So you’ve decided to take the leap and install a time lapse system on your construction site. The question is, what is the right choice of camera?
Not all digital cameras are created equal when it comes to time lapse photography. Some are better than others, depending on the builder’s or photographer's specific needs.
Here are a few things to consider when choosing a digital camera for construction time lapse photography:
Length of Time
How long do you need to shoot for? In construction, time lapses are a powerful way to show the process of building from start to finish. If you're shooting for months or years, you'll need to consider how often batteries and memory cards need to be changed. A solar charging accessory is a better option than frequently changing batteries for anything in the months or years range.
What frame rate do you need? The higher the frame rate, the smoother your final video will be. The most common frame rate for time lapse playback is 30 fps. If your time lapse will have a lot of motion, such as people or vehicles moving around, you'll want to use a higher frame rate. Deciding the interval between shots will determine whether the time lapse looks like a video. Too long a gap between images will make the final product look like a collection of stills. Taking too many frames will require more memory than is necessary.
Some digital cameras have better compression than others. This is important to consider if you're shooting over long periods of time because you'll need to store more images. A camera with good compression will take up less space on your memory card and hard drive.
Daytime or Nighttime
How much light will there be? If you're shooting in low light conditions, you'll need a camera with good low light performance otherwise the nighttime portion of the video will be very grainy and might not match well with the daytime video.
HD or 4K
What resolution do you need? The higher the resolution, the more detail your final video will have. 1080 is the minimum for HD. For most applications, 4K is preferred and is the perfect balance between image detail and file size. 4K also has the resolution to allow you to zoom into the frame to create a variety of close-ups.
Size and Weight
What size and weight are important to you? You'll probably want a lighter camera if you're shooting shorter sequences on a tripod. We do recommend cutting in B-roll—shorter, detailed sequences within an overall time lapse—to break up the viewing experience. These can be accomplished using a tripod for shorter time periods to catch specific details.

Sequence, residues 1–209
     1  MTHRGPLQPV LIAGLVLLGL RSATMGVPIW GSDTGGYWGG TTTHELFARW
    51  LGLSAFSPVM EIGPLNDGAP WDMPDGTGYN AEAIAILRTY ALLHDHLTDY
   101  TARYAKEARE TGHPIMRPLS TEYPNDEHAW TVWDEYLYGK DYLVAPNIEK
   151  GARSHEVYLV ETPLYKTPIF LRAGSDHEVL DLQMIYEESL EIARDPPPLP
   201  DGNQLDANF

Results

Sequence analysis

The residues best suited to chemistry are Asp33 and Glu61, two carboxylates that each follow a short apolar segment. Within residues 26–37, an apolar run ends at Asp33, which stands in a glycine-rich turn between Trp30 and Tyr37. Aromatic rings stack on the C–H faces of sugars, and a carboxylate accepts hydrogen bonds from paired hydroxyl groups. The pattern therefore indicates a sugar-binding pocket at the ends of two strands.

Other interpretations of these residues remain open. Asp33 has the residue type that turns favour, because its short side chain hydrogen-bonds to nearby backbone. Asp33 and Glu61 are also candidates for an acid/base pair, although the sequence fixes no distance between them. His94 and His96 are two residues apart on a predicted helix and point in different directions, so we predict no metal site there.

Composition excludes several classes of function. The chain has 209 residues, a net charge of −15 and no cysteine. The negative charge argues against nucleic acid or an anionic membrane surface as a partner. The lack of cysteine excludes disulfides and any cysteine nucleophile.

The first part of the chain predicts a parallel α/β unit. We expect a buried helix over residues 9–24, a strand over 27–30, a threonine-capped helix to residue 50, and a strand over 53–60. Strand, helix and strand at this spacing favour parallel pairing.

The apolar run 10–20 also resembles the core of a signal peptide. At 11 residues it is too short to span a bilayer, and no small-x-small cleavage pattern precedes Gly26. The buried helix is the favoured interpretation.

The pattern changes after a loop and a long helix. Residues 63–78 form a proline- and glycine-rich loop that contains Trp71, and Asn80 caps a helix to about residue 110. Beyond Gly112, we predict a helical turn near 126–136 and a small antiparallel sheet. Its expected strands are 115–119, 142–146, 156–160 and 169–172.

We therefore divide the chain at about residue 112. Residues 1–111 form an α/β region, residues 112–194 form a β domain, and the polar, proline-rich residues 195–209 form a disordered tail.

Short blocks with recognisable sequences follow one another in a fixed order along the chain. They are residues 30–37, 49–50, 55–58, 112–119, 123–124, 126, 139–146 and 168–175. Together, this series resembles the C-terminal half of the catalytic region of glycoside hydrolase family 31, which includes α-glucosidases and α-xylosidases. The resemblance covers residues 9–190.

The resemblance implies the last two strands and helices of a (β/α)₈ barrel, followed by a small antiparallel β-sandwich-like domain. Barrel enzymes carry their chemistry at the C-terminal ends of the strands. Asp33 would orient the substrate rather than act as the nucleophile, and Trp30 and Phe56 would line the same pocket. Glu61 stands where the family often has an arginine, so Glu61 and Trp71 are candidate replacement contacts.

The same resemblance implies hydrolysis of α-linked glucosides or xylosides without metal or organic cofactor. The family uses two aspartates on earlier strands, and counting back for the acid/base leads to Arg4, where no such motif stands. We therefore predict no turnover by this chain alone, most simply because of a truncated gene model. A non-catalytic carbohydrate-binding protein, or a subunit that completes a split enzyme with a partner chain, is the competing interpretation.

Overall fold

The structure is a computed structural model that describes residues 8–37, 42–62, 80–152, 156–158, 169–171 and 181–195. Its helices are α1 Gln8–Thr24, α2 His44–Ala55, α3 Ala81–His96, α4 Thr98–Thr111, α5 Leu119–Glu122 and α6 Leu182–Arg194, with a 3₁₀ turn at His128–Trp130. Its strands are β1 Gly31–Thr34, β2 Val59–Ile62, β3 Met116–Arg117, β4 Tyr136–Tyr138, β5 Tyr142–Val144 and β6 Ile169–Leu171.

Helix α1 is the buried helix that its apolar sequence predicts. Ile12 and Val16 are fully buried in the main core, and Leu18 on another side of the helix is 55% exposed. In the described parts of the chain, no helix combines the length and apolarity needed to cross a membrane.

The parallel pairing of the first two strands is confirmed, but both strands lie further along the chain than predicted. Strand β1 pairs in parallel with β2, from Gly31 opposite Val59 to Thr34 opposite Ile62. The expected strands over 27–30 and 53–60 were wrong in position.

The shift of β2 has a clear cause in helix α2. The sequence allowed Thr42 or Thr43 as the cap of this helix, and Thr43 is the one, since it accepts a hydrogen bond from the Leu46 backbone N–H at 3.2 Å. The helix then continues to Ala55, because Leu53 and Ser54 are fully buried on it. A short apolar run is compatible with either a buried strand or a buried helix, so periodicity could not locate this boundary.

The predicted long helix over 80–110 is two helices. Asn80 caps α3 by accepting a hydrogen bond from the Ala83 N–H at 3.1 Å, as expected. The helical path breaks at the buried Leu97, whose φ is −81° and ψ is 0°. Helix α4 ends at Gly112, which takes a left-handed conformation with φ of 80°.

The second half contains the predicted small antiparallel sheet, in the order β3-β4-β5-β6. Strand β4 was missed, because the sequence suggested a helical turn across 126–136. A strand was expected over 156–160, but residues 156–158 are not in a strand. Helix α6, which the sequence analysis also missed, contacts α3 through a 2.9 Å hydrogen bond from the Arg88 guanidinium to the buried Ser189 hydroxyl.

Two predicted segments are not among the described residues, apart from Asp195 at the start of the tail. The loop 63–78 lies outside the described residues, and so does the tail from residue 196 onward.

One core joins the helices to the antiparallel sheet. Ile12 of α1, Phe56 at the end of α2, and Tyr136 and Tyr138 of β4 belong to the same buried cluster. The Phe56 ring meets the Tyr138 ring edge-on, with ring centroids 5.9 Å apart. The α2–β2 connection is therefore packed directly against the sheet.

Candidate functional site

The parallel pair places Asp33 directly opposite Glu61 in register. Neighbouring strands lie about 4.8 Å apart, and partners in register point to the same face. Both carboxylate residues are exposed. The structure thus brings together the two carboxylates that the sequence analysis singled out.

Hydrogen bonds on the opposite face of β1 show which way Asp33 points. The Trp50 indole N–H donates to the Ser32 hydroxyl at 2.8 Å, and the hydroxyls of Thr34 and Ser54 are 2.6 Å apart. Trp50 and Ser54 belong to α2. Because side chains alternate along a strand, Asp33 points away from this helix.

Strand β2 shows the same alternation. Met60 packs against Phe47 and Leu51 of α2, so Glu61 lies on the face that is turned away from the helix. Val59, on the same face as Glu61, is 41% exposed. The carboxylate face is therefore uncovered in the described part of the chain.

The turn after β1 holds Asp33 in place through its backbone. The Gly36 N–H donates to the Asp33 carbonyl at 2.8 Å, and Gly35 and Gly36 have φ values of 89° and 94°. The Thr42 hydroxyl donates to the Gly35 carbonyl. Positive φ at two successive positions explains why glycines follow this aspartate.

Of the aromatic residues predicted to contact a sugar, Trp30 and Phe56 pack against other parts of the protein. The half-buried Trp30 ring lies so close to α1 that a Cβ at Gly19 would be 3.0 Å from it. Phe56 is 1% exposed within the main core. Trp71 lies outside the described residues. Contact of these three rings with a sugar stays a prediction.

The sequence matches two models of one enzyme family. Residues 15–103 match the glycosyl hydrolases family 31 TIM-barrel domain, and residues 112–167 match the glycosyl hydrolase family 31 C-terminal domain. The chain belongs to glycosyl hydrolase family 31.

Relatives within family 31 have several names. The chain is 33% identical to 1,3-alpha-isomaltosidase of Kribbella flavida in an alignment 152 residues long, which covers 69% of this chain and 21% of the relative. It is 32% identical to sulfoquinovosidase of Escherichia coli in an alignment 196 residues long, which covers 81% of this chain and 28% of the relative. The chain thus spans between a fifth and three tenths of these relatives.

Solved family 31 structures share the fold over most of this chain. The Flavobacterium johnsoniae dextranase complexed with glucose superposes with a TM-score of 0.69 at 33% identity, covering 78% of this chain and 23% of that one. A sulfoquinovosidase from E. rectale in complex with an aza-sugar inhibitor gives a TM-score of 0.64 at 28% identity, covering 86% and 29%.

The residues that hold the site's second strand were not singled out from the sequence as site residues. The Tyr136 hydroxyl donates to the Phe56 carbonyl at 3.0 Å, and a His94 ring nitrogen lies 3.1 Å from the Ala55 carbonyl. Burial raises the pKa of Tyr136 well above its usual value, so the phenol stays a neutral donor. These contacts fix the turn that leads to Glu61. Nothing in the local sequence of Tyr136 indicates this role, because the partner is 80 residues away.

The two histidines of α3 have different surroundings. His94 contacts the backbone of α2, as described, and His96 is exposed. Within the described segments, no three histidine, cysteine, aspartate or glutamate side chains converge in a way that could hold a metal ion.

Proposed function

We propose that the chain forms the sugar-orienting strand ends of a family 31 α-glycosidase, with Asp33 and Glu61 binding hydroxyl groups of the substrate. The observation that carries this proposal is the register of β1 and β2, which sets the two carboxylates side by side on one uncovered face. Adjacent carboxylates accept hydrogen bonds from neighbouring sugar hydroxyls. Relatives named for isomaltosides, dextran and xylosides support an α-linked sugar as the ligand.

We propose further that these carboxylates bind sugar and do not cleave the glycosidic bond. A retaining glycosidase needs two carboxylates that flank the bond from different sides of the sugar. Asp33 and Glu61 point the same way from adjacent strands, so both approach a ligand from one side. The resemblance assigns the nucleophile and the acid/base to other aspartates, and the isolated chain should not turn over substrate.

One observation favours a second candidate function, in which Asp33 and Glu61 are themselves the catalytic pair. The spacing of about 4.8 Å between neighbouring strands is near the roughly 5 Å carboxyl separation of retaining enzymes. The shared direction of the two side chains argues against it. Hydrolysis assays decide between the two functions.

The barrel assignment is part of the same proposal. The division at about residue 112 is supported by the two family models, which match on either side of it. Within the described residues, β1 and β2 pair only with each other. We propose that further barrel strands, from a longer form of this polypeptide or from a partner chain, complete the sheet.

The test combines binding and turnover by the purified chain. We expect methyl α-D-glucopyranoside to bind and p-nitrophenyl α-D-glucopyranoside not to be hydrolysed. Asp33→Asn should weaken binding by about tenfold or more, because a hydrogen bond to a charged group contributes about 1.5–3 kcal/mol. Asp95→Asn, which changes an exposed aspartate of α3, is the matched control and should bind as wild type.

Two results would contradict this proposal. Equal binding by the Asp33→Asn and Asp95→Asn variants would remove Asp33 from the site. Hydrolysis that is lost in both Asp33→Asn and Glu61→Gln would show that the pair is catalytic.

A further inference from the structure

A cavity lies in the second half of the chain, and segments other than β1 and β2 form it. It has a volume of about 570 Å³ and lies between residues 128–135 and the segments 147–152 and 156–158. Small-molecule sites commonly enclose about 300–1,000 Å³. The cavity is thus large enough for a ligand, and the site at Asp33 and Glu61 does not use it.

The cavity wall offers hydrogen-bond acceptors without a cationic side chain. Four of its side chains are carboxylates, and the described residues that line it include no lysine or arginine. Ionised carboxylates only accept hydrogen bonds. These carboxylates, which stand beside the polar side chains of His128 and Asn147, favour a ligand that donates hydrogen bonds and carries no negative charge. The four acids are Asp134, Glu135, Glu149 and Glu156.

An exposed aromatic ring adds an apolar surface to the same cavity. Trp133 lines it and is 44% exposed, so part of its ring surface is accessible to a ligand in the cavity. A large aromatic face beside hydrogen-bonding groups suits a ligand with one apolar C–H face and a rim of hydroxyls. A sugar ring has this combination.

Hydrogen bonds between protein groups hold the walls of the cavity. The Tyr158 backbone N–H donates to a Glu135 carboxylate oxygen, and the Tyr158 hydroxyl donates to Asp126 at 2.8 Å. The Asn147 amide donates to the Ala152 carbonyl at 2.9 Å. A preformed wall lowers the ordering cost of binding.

Our Time Lapse Calculator is a comprehensive, easy-to-use wizard that will help you determine the power and memory requirements of your project.
Balancing all of the above factors, and considering that most of our customers’ construction time lapse applications tend to be:
- long-term deployments of months or years
- shot during daylight and lowlight hours
- cost is a major factor
- reliability - losing a month of shots due to a malfunction is not acceptable
- needs to be easy to use and maintain
We looked at a range of options from Brinno at the low end, GoPro HERO5 and SonyRXO II in the middle, and various DSLRs at the high end price range. Our testing and experience landed us in the middle for the following reasons:
Low-end - Digital
Pros - Inexpensive
Cons - Potential compromise in image quality and reliability
High-end - specifically DSLRs
Pros - Impeccable image quality.
Cons - Price, these cameras are likely overkill for long term time lapse in that they are loaded with features that will never be used.
In the middle and balancing between image quality, price and reliability, we have narrowed the field to two preferred cameras:
Pros: With its compact size, great optics, and proven durability the GoPro HERO5 checks all the boxes when it comes to time lapse photography for construction sites.
Cons: Mediocre Low-Light Performance. While GoPros have been getting better in this regard with each new model, their low-light performance still isn’t very good.
Sony RX0 II
Pros - The Sony RXO II has a compact size and is very rugged. It also has a superior Zeiss lens that makes the Sony the higher-end choice but still much less than a DSLR. The Sony does have very good low light performance if that is a consideration.
Cons - More expensive than the GoPro HERO5.
CamDo construction time lapse cameras are perfect for capturing your long or short-term projects as they are not only compatible with GoPro HERO5 and Sony RX0 II but can also withstand any weather conditions and have continuous, long-term power options. With our construction camera, you can automatically upload images via WiFi or cellular data and remotely monitor and create time lapse video through our CloudX dashboard.
So, what’s the best camera for construction time lapse? Ultimately, it depends on your needs and preferences. But, keeping these factors in mind should help make the process easier. If you have any questions about choosing a digital camera for construction time lapse, don’t hesitate to reach out; contact our team of experts today!